Greater racial diversity is good news for America's future Race is once again a contentious topic in America, as shown by the divisive rise of Donald Trump and the activism of groups like Black Lives Matter. Yet Diversity Explosion argues that the current period of profound racial change will lead to a less-divided nation than today's older whites or younger minorities fear. Prominent demographer William Frey sees America's emerging diversity boom as good news for a country that would otherwise face declining growth and rapid aging for many years to come. In the new edition of this popular Brookings Press offering, Frey draws from the lessons of the 2016 presidential election and new statistics to paint an illuminating picture of where America's racial demography is headed—and what that means for the nation's future. Using the U.S. Census, national surveys, and related sources, Frey tells how the rapidly growing "new minorities"—Hispanics, Asians, and multiracial Americans—along with blacks and other groups, are transforming and reinvigorating the nation's demographic landscape. He discusses their impact on generational change, regional shifts of major racial groups, neighborhood segregation, interracial marriage, and presidential politics. Diversity Explosion is an accessible, richly illustrated overview of how unprecedented racial change is remaking the United States once again. It is an essential guide for political strategists, marketers, investors, educators, policymakers, and anyone who wants to understand the magnitude, potential, and promise of the new national melting pot in the twenty-first century.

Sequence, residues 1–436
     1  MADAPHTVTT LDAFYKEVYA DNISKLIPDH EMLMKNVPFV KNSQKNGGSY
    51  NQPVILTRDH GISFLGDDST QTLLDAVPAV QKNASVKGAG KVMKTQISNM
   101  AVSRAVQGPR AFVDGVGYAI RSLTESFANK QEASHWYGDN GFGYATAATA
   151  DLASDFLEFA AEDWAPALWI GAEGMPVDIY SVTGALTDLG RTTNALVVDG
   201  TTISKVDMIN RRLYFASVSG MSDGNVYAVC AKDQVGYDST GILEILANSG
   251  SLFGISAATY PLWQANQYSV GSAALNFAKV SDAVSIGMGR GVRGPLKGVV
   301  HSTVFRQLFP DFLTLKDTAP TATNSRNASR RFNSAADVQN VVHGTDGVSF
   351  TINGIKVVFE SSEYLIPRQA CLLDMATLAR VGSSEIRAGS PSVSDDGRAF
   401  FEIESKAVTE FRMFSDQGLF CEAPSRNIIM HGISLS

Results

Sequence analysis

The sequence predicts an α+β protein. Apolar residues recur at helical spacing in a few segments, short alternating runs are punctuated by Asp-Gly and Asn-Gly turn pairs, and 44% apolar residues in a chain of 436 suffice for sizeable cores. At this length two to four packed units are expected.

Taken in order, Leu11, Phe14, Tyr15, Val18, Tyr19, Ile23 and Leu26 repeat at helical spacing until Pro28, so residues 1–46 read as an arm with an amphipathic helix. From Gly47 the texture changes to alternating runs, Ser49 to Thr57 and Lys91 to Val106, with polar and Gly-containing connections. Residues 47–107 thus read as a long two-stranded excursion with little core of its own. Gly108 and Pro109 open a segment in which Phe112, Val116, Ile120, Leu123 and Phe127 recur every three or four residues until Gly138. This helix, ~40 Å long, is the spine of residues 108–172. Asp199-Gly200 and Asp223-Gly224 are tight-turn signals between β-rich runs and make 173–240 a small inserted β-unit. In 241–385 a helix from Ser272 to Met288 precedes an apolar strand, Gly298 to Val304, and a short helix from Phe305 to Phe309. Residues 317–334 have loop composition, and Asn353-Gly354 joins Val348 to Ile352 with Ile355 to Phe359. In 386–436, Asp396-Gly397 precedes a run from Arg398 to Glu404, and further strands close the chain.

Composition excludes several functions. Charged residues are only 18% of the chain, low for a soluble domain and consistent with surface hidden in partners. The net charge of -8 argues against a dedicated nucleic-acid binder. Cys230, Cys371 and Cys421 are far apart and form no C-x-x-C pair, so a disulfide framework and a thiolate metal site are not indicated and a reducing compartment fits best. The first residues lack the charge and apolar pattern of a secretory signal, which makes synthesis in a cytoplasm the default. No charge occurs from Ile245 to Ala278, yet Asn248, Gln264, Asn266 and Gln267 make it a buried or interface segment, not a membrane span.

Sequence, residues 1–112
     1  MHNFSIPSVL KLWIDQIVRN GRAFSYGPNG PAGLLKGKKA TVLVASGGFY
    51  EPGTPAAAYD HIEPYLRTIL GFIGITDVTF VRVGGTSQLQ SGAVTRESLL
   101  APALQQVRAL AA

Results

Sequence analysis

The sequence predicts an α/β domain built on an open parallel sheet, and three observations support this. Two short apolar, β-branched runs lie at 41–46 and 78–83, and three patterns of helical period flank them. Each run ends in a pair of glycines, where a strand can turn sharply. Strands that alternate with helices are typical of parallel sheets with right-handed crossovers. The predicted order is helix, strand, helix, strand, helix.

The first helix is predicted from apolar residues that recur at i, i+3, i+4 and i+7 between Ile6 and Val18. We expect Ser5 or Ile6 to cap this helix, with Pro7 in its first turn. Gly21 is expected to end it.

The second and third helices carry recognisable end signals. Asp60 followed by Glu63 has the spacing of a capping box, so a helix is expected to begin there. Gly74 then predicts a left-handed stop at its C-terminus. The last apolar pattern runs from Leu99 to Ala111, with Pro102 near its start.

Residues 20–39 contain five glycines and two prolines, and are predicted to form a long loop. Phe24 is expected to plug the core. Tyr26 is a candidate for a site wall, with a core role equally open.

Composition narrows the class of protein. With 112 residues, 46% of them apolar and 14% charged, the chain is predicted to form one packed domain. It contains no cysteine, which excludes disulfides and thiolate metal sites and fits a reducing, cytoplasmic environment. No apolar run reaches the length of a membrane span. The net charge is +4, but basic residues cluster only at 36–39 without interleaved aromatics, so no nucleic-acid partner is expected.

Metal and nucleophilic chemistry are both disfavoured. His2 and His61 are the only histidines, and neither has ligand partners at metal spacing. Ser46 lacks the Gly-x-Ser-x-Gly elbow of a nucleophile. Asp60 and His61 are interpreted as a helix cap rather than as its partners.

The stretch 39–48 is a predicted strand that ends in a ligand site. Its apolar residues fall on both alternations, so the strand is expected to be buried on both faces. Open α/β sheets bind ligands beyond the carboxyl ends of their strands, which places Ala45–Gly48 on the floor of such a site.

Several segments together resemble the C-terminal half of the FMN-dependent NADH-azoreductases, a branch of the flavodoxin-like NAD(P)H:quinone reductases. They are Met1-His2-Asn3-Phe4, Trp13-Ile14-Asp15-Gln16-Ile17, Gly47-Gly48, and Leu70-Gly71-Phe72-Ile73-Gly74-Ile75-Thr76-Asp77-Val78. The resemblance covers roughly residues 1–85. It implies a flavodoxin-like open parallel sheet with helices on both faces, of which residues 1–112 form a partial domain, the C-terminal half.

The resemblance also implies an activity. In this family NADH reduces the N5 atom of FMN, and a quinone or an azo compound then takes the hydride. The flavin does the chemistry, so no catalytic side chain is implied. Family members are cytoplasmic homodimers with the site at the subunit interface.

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It is clear that in our society today, issues of diversity and social connectedness remain deeply unresolved and can lead to crisis and instability. The major demographic changes taking place in America make discussions about such issues all the more imperative. Our Compelling Interests engages this conversation and demonstrates that diversity is an essential strength that gives nations a competitive edge. This inaugural volume of the Andrew W. Mellon Foundation's Our Compelling Interests series illustrates that a diverse population offers our communities a prescription for thriving now and in the future. This landmark essay collection begins with a powerful introduction situating the demographic transitions reshaping American life, and the contributors present a broad-ranging look at the value of diversity to democracy and civil society. They explore the paradoxes of diversity and inequality in the fifty years following the civil rights legislation of the 1960s, and they review the ideals that have governed our thinking about social cohesion—such as assimilation, integration, and multiculturalism—before delving into the new ideal of social connectedness. The book also examines the demographics of the American labor force and its implications for college enrollment, graduation, the ability to secure a job, business outcomes, and the economy. Contributors include Danielle Allen, Nancy Cantor, Anthony Carnevale, William Frey, Earl Lewis, Nicole Smith, Thomas Sugrue, and Marta Tienda. Commentary is provided by Kwame Anthony Appiah, Patricia Gurin, Ira Katznelson, and Marta Tienda. At a time when American society is swiftly being transformed, Our Compelling Interests sheds light on how our differences will only become more critical to our collective success.